This spring, Spin magazine laid out a section about the throng of young-ish musicians who've brought back Americana sounds to the forefront of indie rock. Mumford and Sons were on the cover. The Low Anthem and the Head and the Heart were also prominently featured alongside a write up about The Felice Brothers. As much as that last band enjoyed the publicity, the placement of that article was a bit odd.
While The Felice Brothers had created a few records over its five-year existence that echo the rootsy influences of its upstate New York origins, The Felice Brothers had just recently released an album, Celebration, Florida, that is decidedly not Americana music. You can hear that foot-stomping goodness that harkens to the band's acoustic beginnings, but this latest offering dances right on the edge of the threshold of electronic dance music. And it's excellent.
With the album, The Felice Brothers - named after co-front men Ian and James Felice - have offered one of the most creative releases of the year and one that captures the frenetic energy fans have long seen in the quintet's live shows. Multi-instrumentalist Greg Farley (he was once dubbed a "fiddler" before his additional responsibilities with electronic gadgets rendered that designation obsolete) and the rest of the band got a kick out of Spin's inclusion in this Americana section, but they're still a bit perplexed about the mainstream's sudden and intense infatuation with this "genre."
"It was funny to us because we were thinking, 'What is Americana?' We've never really understood that. It makes us think of an antique store for rich people where you could buy a ship in a bottle or whatever. I guess that's Americana," says Farley, calling in from rural Virginia where the band was making a pit stop en route to the next club on a massive cross-country tour to support the album.
According to Farley, Celebration, Florida was the product of a winter recording session that saw the band expanding their listening choices, while also continuing to amass the electronics that would eventually be heard on the album. It also helped that when they went into the studio, they hadn't completed writing many of the songs, allowing them to experiment with the unfinished tracks.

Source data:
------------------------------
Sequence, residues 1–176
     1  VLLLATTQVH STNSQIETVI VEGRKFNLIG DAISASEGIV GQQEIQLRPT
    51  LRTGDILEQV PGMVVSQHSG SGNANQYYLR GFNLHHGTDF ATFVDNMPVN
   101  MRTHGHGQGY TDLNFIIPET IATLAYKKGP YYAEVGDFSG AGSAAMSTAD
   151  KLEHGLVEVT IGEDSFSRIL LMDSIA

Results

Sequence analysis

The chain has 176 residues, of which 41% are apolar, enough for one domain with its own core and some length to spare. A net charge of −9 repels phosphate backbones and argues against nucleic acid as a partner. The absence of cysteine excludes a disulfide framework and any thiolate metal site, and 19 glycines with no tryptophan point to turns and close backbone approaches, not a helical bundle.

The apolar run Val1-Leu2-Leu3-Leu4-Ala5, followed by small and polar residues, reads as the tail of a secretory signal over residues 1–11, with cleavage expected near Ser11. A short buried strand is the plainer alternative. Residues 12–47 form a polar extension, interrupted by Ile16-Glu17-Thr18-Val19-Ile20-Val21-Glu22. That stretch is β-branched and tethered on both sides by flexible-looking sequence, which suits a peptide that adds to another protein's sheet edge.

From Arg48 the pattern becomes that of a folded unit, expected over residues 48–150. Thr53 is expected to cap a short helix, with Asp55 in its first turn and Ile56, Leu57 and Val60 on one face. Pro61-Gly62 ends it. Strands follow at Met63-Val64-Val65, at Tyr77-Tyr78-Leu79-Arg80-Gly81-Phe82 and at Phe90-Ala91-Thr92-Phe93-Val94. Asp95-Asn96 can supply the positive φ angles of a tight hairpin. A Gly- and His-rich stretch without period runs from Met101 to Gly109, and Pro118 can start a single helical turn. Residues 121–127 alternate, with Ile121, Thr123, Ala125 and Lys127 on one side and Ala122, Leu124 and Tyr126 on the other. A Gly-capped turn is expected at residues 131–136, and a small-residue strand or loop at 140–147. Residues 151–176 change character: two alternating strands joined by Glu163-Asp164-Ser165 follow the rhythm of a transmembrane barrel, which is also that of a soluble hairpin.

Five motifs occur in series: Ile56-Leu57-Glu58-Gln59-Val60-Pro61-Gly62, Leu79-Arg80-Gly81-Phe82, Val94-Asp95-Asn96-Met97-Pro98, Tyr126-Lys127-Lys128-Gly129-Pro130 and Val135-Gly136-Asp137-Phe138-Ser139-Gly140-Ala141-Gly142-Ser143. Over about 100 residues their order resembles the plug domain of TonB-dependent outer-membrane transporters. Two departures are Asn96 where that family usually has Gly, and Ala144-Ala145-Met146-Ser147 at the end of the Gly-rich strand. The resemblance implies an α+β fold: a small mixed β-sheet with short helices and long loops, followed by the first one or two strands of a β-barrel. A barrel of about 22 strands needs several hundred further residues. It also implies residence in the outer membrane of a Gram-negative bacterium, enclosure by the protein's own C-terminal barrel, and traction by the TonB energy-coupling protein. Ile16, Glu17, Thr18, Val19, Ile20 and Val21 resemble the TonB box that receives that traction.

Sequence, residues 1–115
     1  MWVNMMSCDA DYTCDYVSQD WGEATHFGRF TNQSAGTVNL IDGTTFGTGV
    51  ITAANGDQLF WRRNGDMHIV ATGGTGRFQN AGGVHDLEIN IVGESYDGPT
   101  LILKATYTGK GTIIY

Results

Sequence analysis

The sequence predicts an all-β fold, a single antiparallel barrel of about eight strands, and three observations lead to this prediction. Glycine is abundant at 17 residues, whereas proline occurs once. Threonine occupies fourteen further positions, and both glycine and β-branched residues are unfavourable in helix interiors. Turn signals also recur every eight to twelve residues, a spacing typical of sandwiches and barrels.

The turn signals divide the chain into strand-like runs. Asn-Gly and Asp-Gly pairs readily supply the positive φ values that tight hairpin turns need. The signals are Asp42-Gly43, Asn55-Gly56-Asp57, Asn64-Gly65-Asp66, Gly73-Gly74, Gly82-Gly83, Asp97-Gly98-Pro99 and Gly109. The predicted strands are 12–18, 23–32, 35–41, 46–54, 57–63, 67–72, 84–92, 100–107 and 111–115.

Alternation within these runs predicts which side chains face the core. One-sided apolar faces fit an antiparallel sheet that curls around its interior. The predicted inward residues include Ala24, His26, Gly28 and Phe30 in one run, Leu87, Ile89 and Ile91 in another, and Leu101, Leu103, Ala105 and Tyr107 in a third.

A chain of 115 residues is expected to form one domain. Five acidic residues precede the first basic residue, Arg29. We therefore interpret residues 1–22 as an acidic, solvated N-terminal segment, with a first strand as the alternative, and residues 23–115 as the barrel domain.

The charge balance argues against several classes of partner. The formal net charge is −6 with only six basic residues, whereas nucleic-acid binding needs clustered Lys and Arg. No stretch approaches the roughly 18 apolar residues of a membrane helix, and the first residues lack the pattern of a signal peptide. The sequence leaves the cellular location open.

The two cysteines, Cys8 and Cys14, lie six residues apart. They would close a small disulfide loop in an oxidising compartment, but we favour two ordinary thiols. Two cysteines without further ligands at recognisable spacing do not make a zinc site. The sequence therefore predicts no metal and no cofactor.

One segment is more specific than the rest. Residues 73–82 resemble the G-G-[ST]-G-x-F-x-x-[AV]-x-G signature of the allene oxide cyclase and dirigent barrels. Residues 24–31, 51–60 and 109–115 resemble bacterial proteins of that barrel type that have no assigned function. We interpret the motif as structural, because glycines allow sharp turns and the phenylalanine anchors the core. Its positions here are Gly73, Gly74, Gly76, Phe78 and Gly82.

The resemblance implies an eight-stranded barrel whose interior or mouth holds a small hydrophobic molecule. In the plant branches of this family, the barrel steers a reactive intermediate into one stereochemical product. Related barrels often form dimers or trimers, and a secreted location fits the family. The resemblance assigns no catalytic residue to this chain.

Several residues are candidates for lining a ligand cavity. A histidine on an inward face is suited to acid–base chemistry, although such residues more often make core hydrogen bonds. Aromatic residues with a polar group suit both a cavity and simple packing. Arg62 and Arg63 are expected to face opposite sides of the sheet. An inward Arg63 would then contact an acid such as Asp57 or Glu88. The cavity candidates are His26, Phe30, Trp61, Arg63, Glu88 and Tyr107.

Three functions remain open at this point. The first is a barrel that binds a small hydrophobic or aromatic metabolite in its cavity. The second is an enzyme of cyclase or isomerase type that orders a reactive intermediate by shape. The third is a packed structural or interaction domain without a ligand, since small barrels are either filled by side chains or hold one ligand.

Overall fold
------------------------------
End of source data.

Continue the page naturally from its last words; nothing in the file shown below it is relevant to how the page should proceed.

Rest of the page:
"Everything was like a sculpture," says Farley. "It was definitely these new tools and skills we had and we wanted to explore those as much as we could."
The result was an album that still features the deft musicianship we heard on 2009's Yonder is The Clock (and fear not, longtime fans, the accordion is still very much in the mix), but with far more experimentation. The album's opener, "Fire at the Pageant" is a haunting track complete with booming snare chops and a chorus that seems built for a massive singalong. But other songs, like "Ponzi," are downright dance numbers. It doesn't seem like a band like The Felice Brothers should be able to stretch their sound this far, but in doing so, they stretch the limits of how far a band can stretch its sound. Also, the lyrics on this record don't rotate around the working-in-the-fields-and-riding-trains sort of ethos some of those other young Americana acts seem overly obsessed with.
"I don't get why that genre is so nostalgia driven," says Farley. "We love American storytellers like Poe and Twain and all that is in our songs. We have respect for our roots, but there are things that you could apply to our lives now. Ian has always done that."
The Felice Brothers were hardly drained of creativity after Celebration, Florida. Rather, they set up shop in an old chicken coop near their homes to record one track a week - which were then released for free on the band's site - for a collection that would become known as the Poughkeepsie Princess EP. The project was derailed briefly when one of this summer's horrendous Northeast storms destroyed the coop.
The storm, however, didn't destroy the don't-give-a-damn-what-you-want-to-call-us-as-long-as-you-can-get-down-to-our-sound ethos on which The Felice Brothers have thrived.
The Felice Brothers, Gil Landry (of Old Crow Medicine Show)
9pm Monday, October 24. Silver Moon Brewing Co., 24 NW Greenwood Ave. $15. 21 and up.